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    DOWNLOAD: “The Story of the 2008 Vancouver Island Learning Lunch Seminar Series” – demonstration applications in two regions pioneered a ‘regional team approach’ to aligning efforts to implement Living Water Smart, BC’s Water Plan


    Inter-departmental participation by all member local governments effectively meant closing front counters on three Fridays for most of the day so that planning, engineering, operations and building inspection staff could attend the Learning Lunch seminars. “Each session started at 11:00am and ended at 2:30pm,” stated Peter Nilsen. “This was the right length of time to maintain the interest and energy level of participants. Three and a half hours sounds like a lot of time, but it goes quickly; and we were just scratching the surface in terms of the material that we presented.”

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    LIVING WATER SMART ON VANCOUVER ISLAND: Cowichan Water Use Plan Unveiled for Cowichan Region


    “During many years, there has no longer been enough water to support the varied needs of fish, local residents, industry and other users. By 2050 critical snow pack is projected to decrease by 85%, reducing lake inflows in the spring and early summer. This will be compounded by a reduction in summer rainfall of 17%,” said Jon Lefebure, Cowichan Valley Regional District Board Chair. “Further, water storage to support continued flow in most years will not be possible in the future without additional storage and adjusted management regimes.”

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    CONVENING FOR ACTION ON VANCOUVER ISLAND: “Our group is like a sponge with all that we are absorbing and then releasing to others in our community,” says Lynne Smith, Chairperson, Saltair Water Advisory Committee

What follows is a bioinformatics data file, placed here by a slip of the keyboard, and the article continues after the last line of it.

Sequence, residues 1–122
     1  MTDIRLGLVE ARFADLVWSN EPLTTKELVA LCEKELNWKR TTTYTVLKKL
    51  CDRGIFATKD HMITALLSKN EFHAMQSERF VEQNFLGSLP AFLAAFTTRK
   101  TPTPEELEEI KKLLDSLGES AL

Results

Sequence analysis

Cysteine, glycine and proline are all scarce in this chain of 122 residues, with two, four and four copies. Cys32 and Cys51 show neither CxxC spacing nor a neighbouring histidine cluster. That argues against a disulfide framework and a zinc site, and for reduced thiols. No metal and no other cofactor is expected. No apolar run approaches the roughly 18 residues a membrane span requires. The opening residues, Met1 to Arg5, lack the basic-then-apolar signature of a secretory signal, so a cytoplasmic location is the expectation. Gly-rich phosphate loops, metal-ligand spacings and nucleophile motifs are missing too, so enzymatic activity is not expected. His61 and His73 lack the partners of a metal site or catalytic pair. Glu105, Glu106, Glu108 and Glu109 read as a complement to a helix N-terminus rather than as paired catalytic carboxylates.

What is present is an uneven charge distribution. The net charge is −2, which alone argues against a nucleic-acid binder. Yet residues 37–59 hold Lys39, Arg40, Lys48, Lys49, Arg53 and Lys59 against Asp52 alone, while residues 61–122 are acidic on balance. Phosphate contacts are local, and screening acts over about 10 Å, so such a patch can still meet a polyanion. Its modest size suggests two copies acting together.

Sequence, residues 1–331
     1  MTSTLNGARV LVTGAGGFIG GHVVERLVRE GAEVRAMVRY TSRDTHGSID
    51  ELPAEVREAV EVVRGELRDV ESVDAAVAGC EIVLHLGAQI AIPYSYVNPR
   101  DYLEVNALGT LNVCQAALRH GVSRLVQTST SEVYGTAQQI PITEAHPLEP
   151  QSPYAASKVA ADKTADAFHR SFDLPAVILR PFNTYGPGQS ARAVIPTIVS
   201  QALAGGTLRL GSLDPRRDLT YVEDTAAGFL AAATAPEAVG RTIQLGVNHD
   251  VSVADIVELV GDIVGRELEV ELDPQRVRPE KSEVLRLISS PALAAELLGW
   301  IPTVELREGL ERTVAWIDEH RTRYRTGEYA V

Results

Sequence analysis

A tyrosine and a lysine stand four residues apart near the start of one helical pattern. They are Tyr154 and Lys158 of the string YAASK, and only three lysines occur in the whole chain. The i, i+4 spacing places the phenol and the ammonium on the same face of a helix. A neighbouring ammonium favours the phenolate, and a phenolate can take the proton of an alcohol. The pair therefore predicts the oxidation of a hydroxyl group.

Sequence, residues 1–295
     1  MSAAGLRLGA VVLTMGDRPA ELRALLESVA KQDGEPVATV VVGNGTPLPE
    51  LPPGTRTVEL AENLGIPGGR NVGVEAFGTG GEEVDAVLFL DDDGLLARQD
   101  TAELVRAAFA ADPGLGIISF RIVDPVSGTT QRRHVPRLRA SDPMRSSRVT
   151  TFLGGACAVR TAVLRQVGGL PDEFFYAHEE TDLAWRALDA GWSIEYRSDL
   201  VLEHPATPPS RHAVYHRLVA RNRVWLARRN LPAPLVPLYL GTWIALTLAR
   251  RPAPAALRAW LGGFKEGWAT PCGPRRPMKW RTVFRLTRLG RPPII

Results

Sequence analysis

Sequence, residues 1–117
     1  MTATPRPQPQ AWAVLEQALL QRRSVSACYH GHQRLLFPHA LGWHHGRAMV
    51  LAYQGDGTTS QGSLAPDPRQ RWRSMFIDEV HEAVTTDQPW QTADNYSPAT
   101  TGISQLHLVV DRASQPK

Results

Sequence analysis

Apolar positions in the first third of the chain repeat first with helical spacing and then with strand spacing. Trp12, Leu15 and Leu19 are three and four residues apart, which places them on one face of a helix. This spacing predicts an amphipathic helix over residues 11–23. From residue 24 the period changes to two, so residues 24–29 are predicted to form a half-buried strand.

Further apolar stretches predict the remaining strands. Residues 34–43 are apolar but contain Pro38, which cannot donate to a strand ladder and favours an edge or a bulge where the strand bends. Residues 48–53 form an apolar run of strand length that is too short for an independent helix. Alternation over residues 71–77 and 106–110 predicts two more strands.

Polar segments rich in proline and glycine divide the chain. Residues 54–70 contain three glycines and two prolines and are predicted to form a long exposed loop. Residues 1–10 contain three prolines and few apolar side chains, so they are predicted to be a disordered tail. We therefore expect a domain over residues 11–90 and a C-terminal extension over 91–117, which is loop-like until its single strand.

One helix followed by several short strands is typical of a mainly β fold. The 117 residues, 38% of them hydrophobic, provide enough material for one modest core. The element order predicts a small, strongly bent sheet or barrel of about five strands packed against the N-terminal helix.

“Within weeks of the formation of the committee being announced, I was introduced to the work of the Partnership for Water Sustainability, and so I attended their Feast ‘n Famine Symposium in December 2015. How I view water was transformed by the experience. I was energized,” stated Lynne Smith. “It became clear to me that there was more to ‘water’ than just making sure it arrives in our pipes; and this realization has since guided us as a community group. Water is not just about taxation, but rather the very essence that sustains our existence!”

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    Eco-Asset Action in the Comox Valley: A community prepares to unpave a parking lot and put up a paradise


    The excitement and energy generated by the 2017 Comox Valley Eco-Asset Symposium has helped to move forward the long-term vision for transforming a decommissioned sawmill site on the Courtenay River into a valuable habitat corridor that could also transform the city’s most troublesome flood liabilities into an eco-asset corridor for the whole community. “The Comox Valley is approaching a watershed moment in land restoration, and all of British Columbia can learn some important lessons here,” states Vanessa Scott.

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    YOUTUBE VIDEO: “We have created a Star Wars civilization, with Stone Age emotions, medieval institutions and godlike technology,” quoted Bob Sandford during the public lecture at the Nanaimo Water Stewardship Symposium (April 2018)


    “When those who wish to make the world a better place turn to big data and related breakthroughs in deeper communication in support of common understanding of issue such as water and water-related climate concerns, we find that we have arrived too late,’ stated Bob Sandford. “This space has already hijacked by the inevitable forces of power and greed. The public mind is already being heavily manipulated toward other ends. This is also why there has been a widespread resurgence of carefully orchestrated climate denial.”